SEC Strikes Again With New SAC Insider Trading Charge

March 17th, 2014

Last week the Securities and Exchange Commission filed civil charges against yet another former SAC Capital analyst for insider trading, suggesting that the government is not done with its investigation of Steven Cohen’s hedge fund.

Background of the Case

In its recent complaint, the SEC alleged that Ronald N. Dennis, a former analyst at SAC affiliate CR Intrinsic Investors, traded on material nonpublic information he received from two other hedge fund analysts in the shares of Dell (DELL) and Foundry Networks (BRCD) during 2008 and 2009.

Dennis purportedly received illegal inside information about Dell’s financial performance from former Diamondback Capital analyst Jesse Tortora.  Separately, Dennis received an illegal tip about the impending acquisition of Foundry Networks by Brocade Communication Systems from Matthew Teeple, an analyst at a San Francisco-based hedge fund.  Both Tortora and Teeple have been previously charged by the SEC for insider trading.

The SEC also alleged that Dennis traded in Dell before earnings announcements in 2008 and 2009, enabling CR Intrinsic and SAC Capital to either generate profits or avoid losses of $3.2 million on its positions in Dell stock.

In addition, the SEC alleged that Dennis received information from Teeple about Brocade’s upcoming acquisition of Foundry Networks in July 2008, prompting him to purchase Foundry stock for CR Intrinsic before the news of the acquisition was made public.  This trade enabled CR Intrinsic to generate approximately $550,000 in profits.

Steve Cohen Identified

In the SEC’s complaint, a number of SAC employees were mentioned who Dennis reportedly shared the inside information he had received.  This includes “Portfolio Manager A” who the SEC alleges, purchased 120,000 shares of Foundry stock for CR Intrinsic after Dennis gave him the tip; “Portfolio Manager B,” who the SEC alleges traded Dell shares based on inside information Dennis provided; and “Portfolio Manager C,” who the SEC alleges, bought 500,000 shares of Dell in August, 2009 after speaking with Portfolio Manager B, who had received inside information from Dennis.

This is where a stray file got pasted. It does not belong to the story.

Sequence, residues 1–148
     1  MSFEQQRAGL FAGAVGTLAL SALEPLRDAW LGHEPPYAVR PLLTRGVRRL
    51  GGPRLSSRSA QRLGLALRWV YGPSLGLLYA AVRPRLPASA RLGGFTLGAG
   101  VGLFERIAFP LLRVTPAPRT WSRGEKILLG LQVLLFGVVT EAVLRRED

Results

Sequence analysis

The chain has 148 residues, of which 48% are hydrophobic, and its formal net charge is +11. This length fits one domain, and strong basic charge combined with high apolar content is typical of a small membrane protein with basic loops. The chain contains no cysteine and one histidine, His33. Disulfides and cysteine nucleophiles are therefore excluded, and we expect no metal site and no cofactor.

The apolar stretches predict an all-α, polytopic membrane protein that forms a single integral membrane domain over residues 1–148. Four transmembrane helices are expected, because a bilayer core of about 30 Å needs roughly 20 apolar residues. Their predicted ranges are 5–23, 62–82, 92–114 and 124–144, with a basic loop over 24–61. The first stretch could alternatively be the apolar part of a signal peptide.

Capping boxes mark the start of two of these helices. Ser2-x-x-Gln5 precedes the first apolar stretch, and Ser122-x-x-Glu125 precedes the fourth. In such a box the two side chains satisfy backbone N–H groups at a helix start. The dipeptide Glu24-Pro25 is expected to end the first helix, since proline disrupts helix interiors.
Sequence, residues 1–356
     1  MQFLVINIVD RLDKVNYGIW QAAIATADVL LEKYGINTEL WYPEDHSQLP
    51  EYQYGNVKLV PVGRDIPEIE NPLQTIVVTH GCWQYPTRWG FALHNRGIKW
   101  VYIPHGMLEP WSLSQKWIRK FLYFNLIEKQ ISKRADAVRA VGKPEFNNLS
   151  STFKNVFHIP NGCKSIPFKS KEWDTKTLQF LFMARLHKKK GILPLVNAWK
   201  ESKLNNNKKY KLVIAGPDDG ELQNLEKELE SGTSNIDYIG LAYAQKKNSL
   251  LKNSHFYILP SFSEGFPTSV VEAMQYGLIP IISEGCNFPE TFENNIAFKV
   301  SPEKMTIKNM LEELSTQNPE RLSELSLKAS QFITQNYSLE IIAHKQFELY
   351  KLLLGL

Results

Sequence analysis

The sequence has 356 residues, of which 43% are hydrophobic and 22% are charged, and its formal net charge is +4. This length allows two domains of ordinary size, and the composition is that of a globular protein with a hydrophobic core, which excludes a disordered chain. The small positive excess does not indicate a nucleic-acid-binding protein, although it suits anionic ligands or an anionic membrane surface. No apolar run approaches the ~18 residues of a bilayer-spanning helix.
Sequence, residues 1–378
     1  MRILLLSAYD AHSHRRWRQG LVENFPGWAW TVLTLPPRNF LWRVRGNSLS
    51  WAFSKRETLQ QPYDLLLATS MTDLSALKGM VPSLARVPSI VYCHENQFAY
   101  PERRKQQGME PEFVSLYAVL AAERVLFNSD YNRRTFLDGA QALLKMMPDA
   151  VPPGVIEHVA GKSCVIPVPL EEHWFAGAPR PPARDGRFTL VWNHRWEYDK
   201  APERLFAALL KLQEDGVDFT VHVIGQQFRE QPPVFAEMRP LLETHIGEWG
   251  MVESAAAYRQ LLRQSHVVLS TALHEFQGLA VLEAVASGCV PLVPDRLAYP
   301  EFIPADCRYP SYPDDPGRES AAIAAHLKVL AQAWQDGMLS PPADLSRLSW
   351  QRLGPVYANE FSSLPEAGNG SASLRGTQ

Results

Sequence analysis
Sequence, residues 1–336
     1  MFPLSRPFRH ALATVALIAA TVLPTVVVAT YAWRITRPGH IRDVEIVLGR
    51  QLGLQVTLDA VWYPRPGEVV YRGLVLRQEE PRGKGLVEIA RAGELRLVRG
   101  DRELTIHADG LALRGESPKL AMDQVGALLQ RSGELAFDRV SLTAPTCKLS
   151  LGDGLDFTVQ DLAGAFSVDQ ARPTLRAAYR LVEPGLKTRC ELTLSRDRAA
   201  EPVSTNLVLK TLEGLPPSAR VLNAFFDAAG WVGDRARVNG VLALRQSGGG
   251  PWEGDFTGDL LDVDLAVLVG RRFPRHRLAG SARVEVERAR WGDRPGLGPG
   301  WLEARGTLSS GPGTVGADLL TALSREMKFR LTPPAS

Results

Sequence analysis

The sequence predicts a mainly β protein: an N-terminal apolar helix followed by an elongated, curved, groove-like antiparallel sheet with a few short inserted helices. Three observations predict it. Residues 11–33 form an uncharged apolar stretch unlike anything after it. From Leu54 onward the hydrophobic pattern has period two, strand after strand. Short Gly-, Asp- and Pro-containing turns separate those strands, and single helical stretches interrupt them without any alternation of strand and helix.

While the SEC complaint did not identify the three SAC employees Dennis allegedly shared his illegal tips with, people familiar with the matter say that Portfolio Manager A is likely to be Alec Shutze, Dennis’s former boss at CR Intrinsic; Portfolio Manager B is Eric Gerster, who became Dennis’s boss after Shutze left the firm; and Portfolio Manager C is SAC founder Steven Cohen.

Settlement Agreed

In response to the SEC’s allegations, Dennis agreed, without admitting or denying the charges, to pay $95,351 in disgorgement of profits, $12,632.34 in prejudgment interest, and a $95,351 penalty.  Dennis also agreed to be permanently barred from working in the securities industry.  The settlement is subject to court approval.

Sanjay Wadhwa, senior associate director of the SEC’s New York Regional Office explained this settlement, “Like several others before him at S.A.C. Capital and its affiliates, Dennis violated the insider trading laws when he exploited confidential information about public companies, in this case Dell and Foundry, to unjustly benefit the firms and enrich himself.  His actions have cost him the privilege of working in the hedge fund industry ever again.”

The case is SEC v. Dennis, U.S. District Court, Southern District of New York, No. 14-01746.


Almost exactly one year after the SEC announced a record $600 million insider trading settlement with SAC Capital affiliate, CR Intrinsic Investors, the SEC brought yet another civil case against a former CR Intrinsic analyst for insider trading.  While the settlement of this case was not surprising, what the case clearly proves is the SEC is far from done with its insider trading investigation of the firm, or the hedge fund community in general.

As we have mentioned numerous times in the past, the federal criminal and civil authorities collected hundreds of hours of wiretaps, have thousands of e-mail communications, and have dozens of cooperating witnesses on hand as part of its “Perfect Hedge” investigation.  Most experts we have spoken with believe this alone is sufficient evidence for the DOJ and SEC to continue bringing insider trading cases for the next few years.

In our minds, this should be sufficient legal pressure for the asset management industry to continue to clean up its act.  It probably also means that hedge funds will continue to hire legal and compliance professionals to help protect the firms from bad actors and potential insider trading risk.


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Financial Sector Job Cuts Surge Last Month

March 12th, 2014

Despite the modest improvement in the jobs outlook seen across much the economy recently, Wall Street continued to slash jobs last month as weakness in mortgage applications, weakness in trading, and general rightsizing was seen at many of the nation’s largest banks.

Challenger, Gray & Christmas February Report